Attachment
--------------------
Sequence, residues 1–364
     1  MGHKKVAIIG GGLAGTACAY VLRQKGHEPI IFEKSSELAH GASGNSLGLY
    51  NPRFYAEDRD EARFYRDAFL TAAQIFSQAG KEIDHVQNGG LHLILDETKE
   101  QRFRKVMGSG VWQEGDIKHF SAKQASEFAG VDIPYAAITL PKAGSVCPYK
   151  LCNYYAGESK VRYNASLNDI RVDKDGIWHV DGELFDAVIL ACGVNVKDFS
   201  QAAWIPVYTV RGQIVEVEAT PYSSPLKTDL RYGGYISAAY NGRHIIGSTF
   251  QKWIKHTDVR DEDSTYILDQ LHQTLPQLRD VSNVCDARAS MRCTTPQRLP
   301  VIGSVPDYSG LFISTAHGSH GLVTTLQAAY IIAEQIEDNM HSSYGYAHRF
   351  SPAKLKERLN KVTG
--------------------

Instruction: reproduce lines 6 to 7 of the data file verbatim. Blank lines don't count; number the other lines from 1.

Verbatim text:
   201  QAAWIPVYTV RGQIVEVEAT PYSSPLKTDL RYGGYISAAY NGRHIIGSTF
   251  QKWIKHTDVR DEDSTYILDQ LHQTLPQLRD VSNVCDARAS MRCTTPQRLP